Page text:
Botulism outbreak kills 23 horses

Botulism has been in the news lately, with numerous outbreaks involving different species and some human food recalls. Botulism outbreaks are often pretty dramatic because of the number of individuals that can be involved, the severity of disease and the fact that it's often difficult to do much beyond damage control once the problem is recognized. Recently, there have been reports of widespread duck deaths along with a couple of different recalls and warnings in Ontario about potentially contaminated smoked salmon and improperly eviscerated salted fish.

On the equine front, there's also been a large botulism outbreak that is believed to have killed 23 horses in Maine (USA). The outbreak occurred over the last month and, as is typical, has been devastating because of the profound susceptibility of horses to botulinum toxin and the inability to do much to save the animals once it was realized that botulism was present.

In adult horses, botulism is caused by ingestion of food that's been contaminated with toxins produced by the bacterium Clostridium botulinum, as it grows. This relatively widespread bacterium doesn't normally grow and produce toxins in horse feed since it requires an oxygen-free environment and other specific conditions, but when these occur, the incredibly potent neurotoxin can be produced. Equine outbreaks are often associated with haylage or silage (which if improperly fermented allow for C. bolulinum to grow) or contamination of round bales (e.g. an smaller animal that died of botulism gets accidentally incorporated into the bale, where the toxins can persist and/or the bacterium can grow if the right environment is present deep within the bale). In this outbreak, silage is suspected to be the cause. The silage is being tested to confirm this suspicion.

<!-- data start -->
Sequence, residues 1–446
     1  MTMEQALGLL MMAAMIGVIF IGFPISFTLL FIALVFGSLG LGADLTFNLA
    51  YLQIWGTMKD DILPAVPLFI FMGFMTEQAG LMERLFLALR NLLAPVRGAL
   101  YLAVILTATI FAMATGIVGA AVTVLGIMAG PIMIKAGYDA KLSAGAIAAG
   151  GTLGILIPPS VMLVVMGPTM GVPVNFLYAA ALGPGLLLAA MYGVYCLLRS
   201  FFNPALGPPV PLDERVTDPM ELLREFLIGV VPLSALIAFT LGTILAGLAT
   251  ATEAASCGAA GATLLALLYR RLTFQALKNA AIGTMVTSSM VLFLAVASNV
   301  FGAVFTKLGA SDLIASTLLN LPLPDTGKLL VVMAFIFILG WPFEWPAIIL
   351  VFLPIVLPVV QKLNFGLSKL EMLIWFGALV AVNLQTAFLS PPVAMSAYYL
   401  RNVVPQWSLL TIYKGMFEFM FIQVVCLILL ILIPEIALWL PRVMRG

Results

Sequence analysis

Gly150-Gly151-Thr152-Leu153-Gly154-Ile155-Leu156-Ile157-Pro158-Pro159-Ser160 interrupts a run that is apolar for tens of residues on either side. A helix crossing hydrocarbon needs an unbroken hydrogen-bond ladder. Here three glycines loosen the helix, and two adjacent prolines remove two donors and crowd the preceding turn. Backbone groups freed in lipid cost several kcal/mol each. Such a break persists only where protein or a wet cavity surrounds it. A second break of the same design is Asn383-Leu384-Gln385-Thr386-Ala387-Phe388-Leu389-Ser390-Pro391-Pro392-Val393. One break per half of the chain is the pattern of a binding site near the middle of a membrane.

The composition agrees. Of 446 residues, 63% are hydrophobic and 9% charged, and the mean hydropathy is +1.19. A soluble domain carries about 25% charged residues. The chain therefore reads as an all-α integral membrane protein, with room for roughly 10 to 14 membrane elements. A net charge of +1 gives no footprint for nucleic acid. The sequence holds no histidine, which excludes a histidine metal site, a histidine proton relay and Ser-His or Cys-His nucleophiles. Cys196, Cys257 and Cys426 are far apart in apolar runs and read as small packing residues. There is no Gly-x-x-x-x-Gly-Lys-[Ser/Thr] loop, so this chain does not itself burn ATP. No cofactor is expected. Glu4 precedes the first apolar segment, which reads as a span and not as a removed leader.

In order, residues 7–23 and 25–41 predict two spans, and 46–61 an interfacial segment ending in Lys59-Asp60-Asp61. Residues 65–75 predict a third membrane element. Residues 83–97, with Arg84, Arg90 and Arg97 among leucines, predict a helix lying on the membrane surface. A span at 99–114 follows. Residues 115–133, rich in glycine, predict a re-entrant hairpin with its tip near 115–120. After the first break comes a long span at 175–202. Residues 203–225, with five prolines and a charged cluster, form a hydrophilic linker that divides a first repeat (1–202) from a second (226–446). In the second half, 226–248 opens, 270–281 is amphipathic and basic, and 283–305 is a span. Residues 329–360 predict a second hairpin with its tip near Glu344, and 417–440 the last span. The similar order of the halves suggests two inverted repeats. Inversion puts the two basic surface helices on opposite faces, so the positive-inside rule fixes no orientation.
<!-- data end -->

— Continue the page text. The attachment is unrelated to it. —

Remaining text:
You can never 100% prevent botulism, since strange sources are sometimes found, but avoiding high risk feeds (e.g. silage, haylage, moldy round bales), trying to ensure that dead animals do not get caught up in hay bales during the baling process and taking exceptional care when baling if botulism is present in wildlife in the area can help greatly. A vaccine is available but it only protects against certain types of botulism. If those types are the main types that cause disease in a given area,  vaccination can be useful, but good feeding practices are the most important preventive measure.

Image: Horses at a round bale feeder (source: www.omafra.gov.on.ca)

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Dr. Kimberly May - May 1, 2012 8:27 AM

I remember being told a number of times, both in undergrad and vet school, to NEVER feed silage or haylage to horses because of this risk. It's risky enough to feed hay that might be questionable on the smell test, so I don't understand why anyone would feed such high-risk foodstuffs to an animal known to be so vulnerable to botulism. I'm heartbroken by their loss and my sympathies are with them, but it's as heartbreaking to think that maybe this entire situation could have been prevented by avoiding high-risk feeds.

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